Just two weeks before his death I had lunch with Ken’s son, Bill, on a visit to Pennsylvania. Of Ken’s passing Bill said just a few days ago: “The doctors gave Dad eight months when he was diagnosed with lung cancer in December 2002, but the Lord gave Dad eight years and Dad sure made the most of those eight years.”
Ken’s struggle with cancer led to some remarkable developments, including a series of videos he made to help people who were coping with this disease. In his own case he baffled the physicians. They never pronounced him cured but they could never figure out why he was still alive. Ken, as well as his family and friends, knew that God’s timing was, and is, always right. He believed each day was a gift from God and was thankful for it until the end.
His son added, upon Ken’s passing, “I am so thankful to God for a wonderful Dad. I had the blessing to work with Dad for most of my life. I had the gift of awareness that the time with Dad was most likely limited and was able to spend a lot more time with him than I would have otherwise. We enjoyed lunch together most days for the last few years. We enjoyed two trips to Israel together. I am thankful Dad got to meet his new grandson Joshua before going home. There is so much more I am thankful for.”
There will be a memorial service to celebrate the life of Ken Curtis this Saturday, January 15th, at Souderton Mennonite Church, 105 West Chestnut Street, Souderton, PA 18964, at 11:00 AM. There will be a time to greet family before the service at 10:00 AM. Souderton is in the Philadelphia area.
Ken Curtis, who also founded the Christian History Institute, was a much loved man. He had friends all over the world in many places. We once spoke about his visit with Catholic leaders and how he helped them embrace video technology when this was new to these leaders. He would help and serve anyone who loved Christ.
I am profoundly grateful for Ken’s friendship with me. I met him about two years after he was diagnosed with cancer. He routinely expressed concern about my health before I could even begin to express my concern about his own. He regularly contacted me with a word of encouragement and sent several generous gifts in support of the mission of ACT 3, even during the last year of his life.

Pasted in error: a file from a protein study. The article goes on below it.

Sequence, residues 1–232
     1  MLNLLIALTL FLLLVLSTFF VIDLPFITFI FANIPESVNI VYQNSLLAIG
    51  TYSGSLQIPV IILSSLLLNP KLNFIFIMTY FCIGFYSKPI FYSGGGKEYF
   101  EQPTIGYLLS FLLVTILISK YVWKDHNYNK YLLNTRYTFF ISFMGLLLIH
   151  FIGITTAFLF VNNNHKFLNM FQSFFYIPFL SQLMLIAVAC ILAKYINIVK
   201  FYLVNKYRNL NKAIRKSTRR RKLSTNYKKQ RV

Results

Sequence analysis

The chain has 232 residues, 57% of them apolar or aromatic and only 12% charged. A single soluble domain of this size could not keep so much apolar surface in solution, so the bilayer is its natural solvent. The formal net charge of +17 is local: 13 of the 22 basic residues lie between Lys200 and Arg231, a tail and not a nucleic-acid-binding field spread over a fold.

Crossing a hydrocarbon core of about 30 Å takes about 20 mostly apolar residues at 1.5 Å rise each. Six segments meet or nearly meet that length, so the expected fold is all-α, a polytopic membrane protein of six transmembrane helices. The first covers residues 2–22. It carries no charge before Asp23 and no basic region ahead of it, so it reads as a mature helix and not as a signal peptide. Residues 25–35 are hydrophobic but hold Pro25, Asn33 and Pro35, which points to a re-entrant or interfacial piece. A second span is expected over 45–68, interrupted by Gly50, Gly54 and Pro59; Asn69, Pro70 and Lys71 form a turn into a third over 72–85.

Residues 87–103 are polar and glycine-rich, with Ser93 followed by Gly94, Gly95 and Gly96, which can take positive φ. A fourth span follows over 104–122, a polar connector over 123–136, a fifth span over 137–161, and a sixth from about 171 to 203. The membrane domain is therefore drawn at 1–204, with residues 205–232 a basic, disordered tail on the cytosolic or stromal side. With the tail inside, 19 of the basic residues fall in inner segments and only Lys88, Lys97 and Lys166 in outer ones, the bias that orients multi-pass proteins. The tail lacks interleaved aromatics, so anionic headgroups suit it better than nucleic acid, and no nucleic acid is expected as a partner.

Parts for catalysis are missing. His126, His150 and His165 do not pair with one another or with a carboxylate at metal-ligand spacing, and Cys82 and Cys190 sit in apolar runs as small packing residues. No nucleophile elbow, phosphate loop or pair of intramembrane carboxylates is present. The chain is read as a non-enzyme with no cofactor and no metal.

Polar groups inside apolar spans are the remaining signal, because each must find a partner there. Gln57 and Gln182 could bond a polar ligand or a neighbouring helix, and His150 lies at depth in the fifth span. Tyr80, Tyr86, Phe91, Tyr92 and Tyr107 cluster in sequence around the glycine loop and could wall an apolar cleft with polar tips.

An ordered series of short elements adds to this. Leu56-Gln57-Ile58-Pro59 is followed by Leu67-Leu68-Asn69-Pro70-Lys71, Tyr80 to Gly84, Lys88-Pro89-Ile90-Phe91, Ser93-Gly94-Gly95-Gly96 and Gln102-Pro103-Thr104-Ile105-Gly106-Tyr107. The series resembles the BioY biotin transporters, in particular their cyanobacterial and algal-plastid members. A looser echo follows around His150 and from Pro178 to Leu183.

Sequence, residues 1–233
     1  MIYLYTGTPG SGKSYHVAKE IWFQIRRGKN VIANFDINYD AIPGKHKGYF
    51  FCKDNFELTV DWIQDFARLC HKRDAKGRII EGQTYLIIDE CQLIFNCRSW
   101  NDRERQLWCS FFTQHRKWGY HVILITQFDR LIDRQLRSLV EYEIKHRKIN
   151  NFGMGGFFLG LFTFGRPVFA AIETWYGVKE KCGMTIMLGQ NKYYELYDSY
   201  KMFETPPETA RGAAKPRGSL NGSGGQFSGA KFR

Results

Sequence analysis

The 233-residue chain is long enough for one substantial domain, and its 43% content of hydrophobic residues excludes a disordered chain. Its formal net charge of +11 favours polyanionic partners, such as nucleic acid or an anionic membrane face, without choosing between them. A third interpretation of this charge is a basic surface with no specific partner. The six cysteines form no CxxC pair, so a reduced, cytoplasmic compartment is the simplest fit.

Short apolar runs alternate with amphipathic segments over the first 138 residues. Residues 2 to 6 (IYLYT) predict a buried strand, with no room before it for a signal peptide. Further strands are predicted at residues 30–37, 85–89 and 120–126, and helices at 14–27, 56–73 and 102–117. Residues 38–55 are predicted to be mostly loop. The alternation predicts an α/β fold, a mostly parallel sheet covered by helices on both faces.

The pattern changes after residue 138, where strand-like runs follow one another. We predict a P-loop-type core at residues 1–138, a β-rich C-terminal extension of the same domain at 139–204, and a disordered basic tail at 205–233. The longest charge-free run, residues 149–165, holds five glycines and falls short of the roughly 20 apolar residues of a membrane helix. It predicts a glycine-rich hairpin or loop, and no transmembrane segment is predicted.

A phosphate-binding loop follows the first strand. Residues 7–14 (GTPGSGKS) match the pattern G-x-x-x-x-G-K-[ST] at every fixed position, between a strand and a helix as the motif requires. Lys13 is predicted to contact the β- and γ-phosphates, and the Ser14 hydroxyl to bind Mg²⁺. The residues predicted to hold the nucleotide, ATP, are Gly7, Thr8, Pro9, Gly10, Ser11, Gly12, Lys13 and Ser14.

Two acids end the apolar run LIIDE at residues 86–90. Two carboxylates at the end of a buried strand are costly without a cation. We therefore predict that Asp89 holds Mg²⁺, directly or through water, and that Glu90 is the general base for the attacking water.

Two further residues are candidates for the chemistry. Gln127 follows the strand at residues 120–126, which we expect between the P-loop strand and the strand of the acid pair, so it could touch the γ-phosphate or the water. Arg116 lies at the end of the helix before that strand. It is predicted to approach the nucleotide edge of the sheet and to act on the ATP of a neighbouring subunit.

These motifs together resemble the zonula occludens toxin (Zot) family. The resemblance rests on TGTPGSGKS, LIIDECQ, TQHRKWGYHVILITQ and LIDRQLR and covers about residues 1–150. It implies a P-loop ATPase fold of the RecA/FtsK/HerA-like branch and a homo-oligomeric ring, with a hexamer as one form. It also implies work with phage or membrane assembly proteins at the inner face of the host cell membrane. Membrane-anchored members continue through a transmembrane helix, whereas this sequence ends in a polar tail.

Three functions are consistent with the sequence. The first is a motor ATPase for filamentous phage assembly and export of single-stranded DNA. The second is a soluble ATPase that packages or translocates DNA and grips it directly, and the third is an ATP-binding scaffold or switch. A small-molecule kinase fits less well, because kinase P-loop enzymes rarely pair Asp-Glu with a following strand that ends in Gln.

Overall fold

One who worked closely with Ken Curtis over many years described him, “As a wonderful example of a man with a vision who carried that vision forward to impact the lives of people the world over. He was a wonderful filmmaker and very good friend. He will be missed on earth, but I know heaven is rejoicing that another great saint is now in the Lord’s presence.” I share the same view.
Ken and I both loved history in general, and church history in particular. Many of his video productions introduced thousands of Christians to the characters and stories of our spiritual heritage. He brought to life the story of people people like William Tyndale, John Wycliffe, C. S. Lewis and others. He filmed a great series with N. T. Wright and made a brilliant project on the Protestant Reformation with Timothy George. His series on The Apostles Creed was reviewed here in 2010. It is superb.
Ken was a founding force behind the Christian History Institute and Christian History magazine. I served on the board of Biblical Seminary with Ken and treasured the times this association allowed to us to be in conversation and prayer.
Rarely have I met a man who was more loving, considerate, kind, gentle, insightful and encouraging as Ken Curtis. I will miss him a great deal. May God expand the work of his life through his son Bill and others who will follow him in the ministry he began by faith.